Tuesday, May 31, 2011


she was honest
i have to give her credit

i saw some pictures on facebook
because my girls have to be my friend
but i saw these pictures
and could tell something was different
the look in her eyes
the distant smile
the disheveled clothes
i had a feeling that alcohol was involved

so i texted her to call me when she was alone
she did
i just asked her
and was thinking about other girls too
if there was drinking
yes there was
she told me
yes she had some
she told me
she said she wanted to be honest
she asked if I was mad

i wasn't
she was telling me the truth
and isn't that what I always told her to do
she was in a party bus
so she wasn't driving
and then
she was spending the night
so she was staying put
she made good decisions
she did
she was honest
she said she was in control
and had been in a good place
for about 3 hours now

she really was drunk
for the first time
honesty is the best policy
now that I know the truth
should I feel better...
because I don't

Sunday, May 29, 2011

Lovely time with British Girls

More Fun
Summer is beginning

I help recruit families
in the dallas area
to host
our international staff
before they need to go to camp

the international staff
gets here early
instead of going straight to camp
we have them go live
with our families
to see what
American life is like

they arrive from
of course
south africa
or England

I get to help
make decisions
so I chose
2 girls from England
they were so cute

both girls
were blonde
and fun
and my daughters
fell in love
not just with their accents
but these people
they adored them

we took them shopping
out for mexican food
to the movies
to a dinner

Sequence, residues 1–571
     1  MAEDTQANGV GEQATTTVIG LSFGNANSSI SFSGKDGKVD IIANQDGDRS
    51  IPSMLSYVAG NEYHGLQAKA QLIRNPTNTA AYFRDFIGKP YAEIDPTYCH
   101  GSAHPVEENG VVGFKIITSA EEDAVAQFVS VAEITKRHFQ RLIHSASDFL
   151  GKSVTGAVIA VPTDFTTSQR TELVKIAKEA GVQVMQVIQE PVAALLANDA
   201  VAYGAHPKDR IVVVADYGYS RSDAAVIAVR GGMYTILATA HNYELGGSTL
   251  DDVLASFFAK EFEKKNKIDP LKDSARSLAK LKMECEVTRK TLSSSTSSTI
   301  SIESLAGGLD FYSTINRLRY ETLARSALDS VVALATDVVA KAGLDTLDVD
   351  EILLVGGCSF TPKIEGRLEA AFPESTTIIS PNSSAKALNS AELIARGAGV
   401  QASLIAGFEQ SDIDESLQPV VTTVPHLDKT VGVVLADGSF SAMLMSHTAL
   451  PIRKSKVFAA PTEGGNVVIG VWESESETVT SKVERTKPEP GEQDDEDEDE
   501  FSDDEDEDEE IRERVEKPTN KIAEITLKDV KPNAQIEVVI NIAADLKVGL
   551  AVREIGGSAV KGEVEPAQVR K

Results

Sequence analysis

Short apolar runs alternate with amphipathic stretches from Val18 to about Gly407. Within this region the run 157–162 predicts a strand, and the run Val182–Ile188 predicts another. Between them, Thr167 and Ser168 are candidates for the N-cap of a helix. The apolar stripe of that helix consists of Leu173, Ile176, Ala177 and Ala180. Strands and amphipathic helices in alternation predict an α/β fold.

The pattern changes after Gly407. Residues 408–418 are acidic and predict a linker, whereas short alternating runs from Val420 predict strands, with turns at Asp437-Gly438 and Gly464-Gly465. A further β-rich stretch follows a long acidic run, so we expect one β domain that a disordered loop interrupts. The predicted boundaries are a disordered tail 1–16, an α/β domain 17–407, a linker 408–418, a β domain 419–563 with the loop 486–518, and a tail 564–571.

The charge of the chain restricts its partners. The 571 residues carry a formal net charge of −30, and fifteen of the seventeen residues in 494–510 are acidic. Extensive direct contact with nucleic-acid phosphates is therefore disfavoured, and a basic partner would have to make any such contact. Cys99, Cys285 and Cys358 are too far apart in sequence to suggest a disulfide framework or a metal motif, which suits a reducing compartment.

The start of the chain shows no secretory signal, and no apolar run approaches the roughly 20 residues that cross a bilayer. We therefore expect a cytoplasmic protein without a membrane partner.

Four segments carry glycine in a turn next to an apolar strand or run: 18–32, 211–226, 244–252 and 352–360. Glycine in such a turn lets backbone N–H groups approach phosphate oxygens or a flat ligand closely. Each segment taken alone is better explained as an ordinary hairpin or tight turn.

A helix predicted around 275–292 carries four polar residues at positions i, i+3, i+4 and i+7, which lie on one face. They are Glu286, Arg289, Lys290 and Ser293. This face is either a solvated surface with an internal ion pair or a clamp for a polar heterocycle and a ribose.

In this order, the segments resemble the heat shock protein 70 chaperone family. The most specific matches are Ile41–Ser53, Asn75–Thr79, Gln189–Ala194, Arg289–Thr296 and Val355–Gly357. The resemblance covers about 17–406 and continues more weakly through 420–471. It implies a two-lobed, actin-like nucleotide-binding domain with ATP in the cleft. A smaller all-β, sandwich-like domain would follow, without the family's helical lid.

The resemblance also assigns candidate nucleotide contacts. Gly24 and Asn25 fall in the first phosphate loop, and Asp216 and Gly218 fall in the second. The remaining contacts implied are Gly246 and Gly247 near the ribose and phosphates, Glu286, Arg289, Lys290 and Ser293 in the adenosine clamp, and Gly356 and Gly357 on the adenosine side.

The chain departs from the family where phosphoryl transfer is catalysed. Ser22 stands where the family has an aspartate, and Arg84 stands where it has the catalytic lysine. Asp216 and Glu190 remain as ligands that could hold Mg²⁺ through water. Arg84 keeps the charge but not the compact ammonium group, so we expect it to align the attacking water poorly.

at another family's house
to meet other staff members

we went to target
and bought silly things
for them to take to camp
we gave them t-shirts
and shorts
and cereal
i guess
they don't get Lucky Charms
in england anymore

they were fun
we had fun
my girls enjoyed this
little break

we want to go to camp
even more
I never thought
that could be possible

Friday, May 27, 2011

My daughter the Valedictorian

after 8 years of wishing
my oldest daughter got THE phone call this past Monday
She had the highest grade point average in her class
so finally
she was officially the Valedictorian of the Winston School 2011

Here is the speech she wrote
She spoke so beautifully
of the support
and trying times she had experienced in recent years
 She received a standing ovation
she deserved it wholeheartedly
I was in awe of her truthfulness
I am very blessed

When I was in fourth grade, I learned they had an award for being the best at academics. So ever since, because I have always been a hard worker and studious, I’ve dreamed of becoming valedictorian. If anyone asked me why, it would be very hard to explain. It was something I dreamed about at my previous school, a very competitive private school that constantly filled me with stress. When I began to excel at Winston, it was something I hoped was finally possible. And when I missed the first six weeks of school during my junior year because I was at a residential treatment center, I hoped I had not messed up my chances. To me, valedictorian has always represented the achievement of overcoming the odds, which is why I am proud to stand before you today. I have overcome my difficulties, and without Winston, it would not have happened.